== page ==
—The New York Times Book Review
“A riveting and reflective memoir by a man who rose to the top of his sport—despite hating it.”
—San Francisco Chronicle
“Celebrity tell-alls have rarely been this honest and this interesting.”
“A vivid portrait of the internal battle faced in some measure by every athlete.”
“Articulate. . . . Expertly rendered.”
—The Morning News (Boston)
“Refreshingly candid. . . . This lively, revealing, and entertaining book is certain to roil the tennis world and make a big splash beyond.”
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Was always intrigued by how Agassi had carried himself on court and reading his biography, it was an eye opener. The struggle he had go through. Was inspiring to read the way he dealt with spinal condition as well as how he had dealt with his emotional conflicts.
At the same time, he has projected both his Dad and Nike as being taskmasters and not really giving consideration for a young one's life. This is getting common in tennis nowadays. Where the parent is pushing the ward beyond the child's interest.
To me there was a huge parental learning as well as making that blindside of the parent visible.
the narration and overall flow the timeline was great. once you start to read this, you will not be in a position to put it down.
Good read. I can promise you will not be disappointed.
The book provides insight to life of Agassi and his road to becoming one of the greatest tennis players of all time. We are struck by his candour while discussing the events of his early life and could empathise with the pain of little Andre who saw virtually no childhood, thanks to his ambitious father. The fact that he grew to hate tennis in spite of being a top tennis player of the world should open our eyes – do we not often subject our children to similar ordeals? The pressure to excel in education or in some other field (the trend has increased with TV backed sponsoring of realty shows and talent hunts) is today so great on children that they are today growing up without experiencing the fun and adventure that we normally associate with childhood.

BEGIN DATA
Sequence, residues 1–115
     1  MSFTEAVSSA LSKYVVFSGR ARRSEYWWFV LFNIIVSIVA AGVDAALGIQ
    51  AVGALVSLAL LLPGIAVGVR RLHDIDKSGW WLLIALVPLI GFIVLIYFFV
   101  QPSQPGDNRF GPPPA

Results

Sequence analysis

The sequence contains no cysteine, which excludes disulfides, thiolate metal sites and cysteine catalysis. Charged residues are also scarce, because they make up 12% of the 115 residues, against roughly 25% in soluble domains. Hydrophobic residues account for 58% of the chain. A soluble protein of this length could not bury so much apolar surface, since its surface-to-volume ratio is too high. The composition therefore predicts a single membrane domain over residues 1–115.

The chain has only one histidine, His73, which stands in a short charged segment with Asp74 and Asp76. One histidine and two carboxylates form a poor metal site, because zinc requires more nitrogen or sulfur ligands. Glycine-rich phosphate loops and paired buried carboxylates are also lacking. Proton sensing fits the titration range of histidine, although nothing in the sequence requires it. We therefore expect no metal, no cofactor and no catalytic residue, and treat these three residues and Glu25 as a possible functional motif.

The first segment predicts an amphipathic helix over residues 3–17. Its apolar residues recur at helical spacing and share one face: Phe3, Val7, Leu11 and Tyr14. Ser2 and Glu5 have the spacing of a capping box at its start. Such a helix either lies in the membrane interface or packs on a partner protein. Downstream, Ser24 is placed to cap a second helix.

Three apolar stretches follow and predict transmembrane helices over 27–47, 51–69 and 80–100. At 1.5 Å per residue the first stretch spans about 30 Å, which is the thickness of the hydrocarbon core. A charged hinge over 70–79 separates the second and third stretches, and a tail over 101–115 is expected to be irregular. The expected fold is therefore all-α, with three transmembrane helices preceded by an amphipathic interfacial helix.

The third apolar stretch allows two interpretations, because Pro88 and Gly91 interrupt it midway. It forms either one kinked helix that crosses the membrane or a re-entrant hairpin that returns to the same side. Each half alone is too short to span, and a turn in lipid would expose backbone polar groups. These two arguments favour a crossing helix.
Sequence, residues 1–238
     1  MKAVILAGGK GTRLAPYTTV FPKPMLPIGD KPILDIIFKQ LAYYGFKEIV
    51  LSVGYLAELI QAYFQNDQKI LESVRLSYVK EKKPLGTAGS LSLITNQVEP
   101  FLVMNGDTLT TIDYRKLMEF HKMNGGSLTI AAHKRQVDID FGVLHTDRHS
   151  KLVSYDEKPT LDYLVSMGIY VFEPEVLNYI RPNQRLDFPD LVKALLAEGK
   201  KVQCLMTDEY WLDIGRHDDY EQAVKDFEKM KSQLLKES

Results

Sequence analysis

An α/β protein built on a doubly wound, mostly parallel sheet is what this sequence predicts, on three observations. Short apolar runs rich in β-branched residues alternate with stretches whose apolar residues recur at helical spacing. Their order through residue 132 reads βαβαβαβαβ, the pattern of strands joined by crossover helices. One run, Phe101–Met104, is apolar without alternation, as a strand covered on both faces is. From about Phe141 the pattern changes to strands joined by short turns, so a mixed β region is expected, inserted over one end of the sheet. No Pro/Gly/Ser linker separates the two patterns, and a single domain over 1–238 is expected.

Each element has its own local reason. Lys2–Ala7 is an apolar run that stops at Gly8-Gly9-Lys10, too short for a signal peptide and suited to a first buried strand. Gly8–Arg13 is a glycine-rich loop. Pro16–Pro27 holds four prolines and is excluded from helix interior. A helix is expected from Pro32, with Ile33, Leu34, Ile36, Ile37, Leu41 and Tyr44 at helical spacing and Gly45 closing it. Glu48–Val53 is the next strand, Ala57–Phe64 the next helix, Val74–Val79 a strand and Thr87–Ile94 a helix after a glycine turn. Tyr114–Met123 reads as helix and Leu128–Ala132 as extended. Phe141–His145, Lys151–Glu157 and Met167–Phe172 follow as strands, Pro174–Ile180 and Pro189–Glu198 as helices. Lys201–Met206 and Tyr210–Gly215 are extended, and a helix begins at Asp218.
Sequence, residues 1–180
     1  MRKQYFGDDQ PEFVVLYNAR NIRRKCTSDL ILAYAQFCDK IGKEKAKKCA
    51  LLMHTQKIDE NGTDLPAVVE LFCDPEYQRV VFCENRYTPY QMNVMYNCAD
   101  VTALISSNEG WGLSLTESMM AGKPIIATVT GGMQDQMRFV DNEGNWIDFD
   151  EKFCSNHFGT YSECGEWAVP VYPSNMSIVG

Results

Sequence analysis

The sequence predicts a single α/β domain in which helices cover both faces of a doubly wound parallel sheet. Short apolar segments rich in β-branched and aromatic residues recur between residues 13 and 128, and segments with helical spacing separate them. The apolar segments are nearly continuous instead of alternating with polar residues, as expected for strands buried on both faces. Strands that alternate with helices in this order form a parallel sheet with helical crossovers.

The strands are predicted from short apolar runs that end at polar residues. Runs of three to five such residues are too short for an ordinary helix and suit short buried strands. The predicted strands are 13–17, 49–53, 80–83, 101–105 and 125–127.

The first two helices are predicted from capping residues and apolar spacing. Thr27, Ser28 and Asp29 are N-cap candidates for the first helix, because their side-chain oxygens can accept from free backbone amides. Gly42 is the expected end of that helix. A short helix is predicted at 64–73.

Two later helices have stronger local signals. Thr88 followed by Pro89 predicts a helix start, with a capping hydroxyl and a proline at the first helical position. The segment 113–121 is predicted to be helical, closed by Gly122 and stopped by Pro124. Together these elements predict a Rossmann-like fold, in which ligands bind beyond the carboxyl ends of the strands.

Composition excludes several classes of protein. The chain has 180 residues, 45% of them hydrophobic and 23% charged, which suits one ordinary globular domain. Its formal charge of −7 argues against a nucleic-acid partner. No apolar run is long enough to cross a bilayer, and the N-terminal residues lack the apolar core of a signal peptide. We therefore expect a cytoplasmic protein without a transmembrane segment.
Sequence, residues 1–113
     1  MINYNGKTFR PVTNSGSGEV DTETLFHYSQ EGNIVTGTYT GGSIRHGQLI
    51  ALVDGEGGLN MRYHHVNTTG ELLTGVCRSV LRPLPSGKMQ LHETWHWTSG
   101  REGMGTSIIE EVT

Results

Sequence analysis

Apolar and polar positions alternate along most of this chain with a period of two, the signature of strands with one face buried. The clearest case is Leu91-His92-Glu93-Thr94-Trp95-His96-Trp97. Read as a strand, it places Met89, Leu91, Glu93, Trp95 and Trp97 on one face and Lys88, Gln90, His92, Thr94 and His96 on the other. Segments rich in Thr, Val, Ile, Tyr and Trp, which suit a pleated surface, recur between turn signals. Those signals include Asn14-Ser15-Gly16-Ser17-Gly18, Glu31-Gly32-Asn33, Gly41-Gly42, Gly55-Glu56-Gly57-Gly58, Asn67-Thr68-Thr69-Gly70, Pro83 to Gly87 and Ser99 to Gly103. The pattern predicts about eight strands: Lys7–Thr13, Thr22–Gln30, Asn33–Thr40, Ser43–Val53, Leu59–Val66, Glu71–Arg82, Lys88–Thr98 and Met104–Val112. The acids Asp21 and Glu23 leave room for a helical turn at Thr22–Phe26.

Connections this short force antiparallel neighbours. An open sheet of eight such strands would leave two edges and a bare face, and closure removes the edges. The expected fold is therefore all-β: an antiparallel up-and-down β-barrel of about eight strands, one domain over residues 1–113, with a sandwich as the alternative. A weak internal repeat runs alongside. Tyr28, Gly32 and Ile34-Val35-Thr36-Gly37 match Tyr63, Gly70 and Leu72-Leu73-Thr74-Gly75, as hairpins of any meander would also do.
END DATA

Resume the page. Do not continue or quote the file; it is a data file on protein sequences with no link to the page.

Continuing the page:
Like all true Champions, Andre Agassi’s greatest achievement has been the way he rose once more to pinnacle of glory after almost everyone had written obituary of his tennis career. Another heartwarming aspect of Andre Agassi the person is the fact that he has stayed loyal to his friends throughout ups and downs of life. Also, in the later part of his life, he found the meaning of his life through helping less privileged children and he deserves a standing ovation for the effort.
Another very well written part of the book is the part in which he woos Steffi Graf. Like entire generation of male tennis lovers of that era, Andre seemed to be a wide eyed fan of Steffi whose blistering forehand was matched by her smashing good looks. Till the end of the book and even post marriage and children, he remained her wide eyed admirer – that goes to show that Steffi Graf is either as good a homemaker as she was a tennis player or that her forehand remains a formidable weapon even without tennis racket.